Background — The accuracy of patient prognostication varies extensively in studies of select populations. Prognostication is an important component of patient selection for elective surgery. This retrospective study assessed patient prognostication prior to elective surgery by comparing the observed with the expected number of deaths in such patients.
Study Design — We used population-based administrative data to identify all adults undergoing one of 13 most common elective major non-cardiac gender-neutral surgeries in Ontario, Canada from 2002–2014. Survival status within one year of surgery was determined by linking to vital statistics. Expected death risk was determined with health administrative data and a previously derived and externally validated index.
Results — We identified 456,685 patients of which 17,266 (3.8%) died within one year of surgery. Patients whose expected one-year death risk was > 25% accounted for 5.3% of the entire cohort (n = 24,178) but 51.7% of all deaths (n = 8,927). The overall observed death risk was significantly lower than expected (standardized mortality ratio [SMR], 0.72; 95% confidence interval, 0.71 to 0.73; P < 0.0001). The SMRs were significantly < 1 (values ranged from 0.54 [partial liver resection] to 0.93 [total knee replacement]) in 11/13 (85%) surgery types. Improved outcomes were especially notable in patients with a higher expected death risk. Only 35/5,539 (0.6%) surgeons had one-year patient death risks that exceeded the population average.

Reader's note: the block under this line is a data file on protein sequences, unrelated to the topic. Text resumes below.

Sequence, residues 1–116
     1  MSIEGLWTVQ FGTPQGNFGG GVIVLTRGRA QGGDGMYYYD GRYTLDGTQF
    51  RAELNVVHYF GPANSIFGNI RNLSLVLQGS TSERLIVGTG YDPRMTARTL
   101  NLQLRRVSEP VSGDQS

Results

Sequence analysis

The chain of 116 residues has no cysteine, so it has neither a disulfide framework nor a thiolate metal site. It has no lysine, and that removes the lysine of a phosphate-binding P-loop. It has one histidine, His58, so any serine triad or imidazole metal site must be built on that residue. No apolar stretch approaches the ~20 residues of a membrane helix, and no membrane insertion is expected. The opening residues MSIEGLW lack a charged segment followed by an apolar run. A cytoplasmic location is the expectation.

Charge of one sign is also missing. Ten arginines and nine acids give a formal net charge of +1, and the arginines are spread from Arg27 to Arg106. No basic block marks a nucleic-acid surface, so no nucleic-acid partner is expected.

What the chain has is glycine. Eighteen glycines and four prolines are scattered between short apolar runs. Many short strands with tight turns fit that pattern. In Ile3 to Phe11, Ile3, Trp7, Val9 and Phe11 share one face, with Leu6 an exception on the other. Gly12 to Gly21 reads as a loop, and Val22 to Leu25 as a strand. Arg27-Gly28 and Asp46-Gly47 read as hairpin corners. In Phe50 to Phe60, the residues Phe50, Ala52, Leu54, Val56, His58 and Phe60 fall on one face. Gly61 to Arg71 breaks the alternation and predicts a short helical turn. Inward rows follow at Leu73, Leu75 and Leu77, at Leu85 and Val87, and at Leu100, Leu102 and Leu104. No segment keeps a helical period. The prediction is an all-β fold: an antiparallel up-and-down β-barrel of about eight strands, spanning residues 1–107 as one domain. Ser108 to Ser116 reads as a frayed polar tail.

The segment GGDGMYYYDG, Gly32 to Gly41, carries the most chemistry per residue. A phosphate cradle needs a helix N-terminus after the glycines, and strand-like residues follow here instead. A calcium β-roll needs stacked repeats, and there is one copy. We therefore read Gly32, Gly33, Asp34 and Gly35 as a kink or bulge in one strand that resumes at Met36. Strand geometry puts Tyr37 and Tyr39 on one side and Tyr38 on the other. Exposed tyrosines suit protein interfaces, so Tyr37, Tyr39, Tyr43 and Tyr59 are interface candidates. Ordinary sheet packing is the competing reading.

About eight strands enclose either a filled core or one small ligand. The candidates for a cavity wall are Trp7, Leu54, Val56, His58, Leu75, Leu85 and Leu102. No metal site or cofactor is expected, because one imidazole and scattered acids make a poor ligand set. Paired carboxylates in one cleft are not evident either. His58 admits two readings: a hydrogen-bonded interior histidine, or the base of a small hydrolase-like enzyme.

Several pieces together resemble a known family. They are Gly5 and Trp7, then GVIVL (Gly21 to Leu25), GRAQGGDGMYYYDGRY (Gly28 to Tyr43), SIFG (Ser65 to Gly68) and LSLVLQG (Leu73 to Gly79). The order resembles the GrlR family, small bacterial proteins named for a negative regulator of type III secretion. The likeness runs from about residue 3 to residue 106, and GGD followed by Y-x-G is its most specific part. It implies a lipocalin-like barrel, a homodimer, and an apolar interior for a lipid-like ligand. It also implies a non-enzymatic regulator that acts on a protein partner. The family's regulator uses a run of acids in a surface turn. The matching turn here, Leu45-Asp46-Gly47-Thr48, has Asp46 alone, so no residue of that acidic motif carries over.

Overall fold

Conclusions — The observed number of deaths within one year of elective surgery is significantly lower than expected, with minimal inter-surgeon variation. These results suggest that patient selection for major elective non-cardiac surgery identified individuals with better than expected survival and whose survival was not adversely influenced by their surgery.
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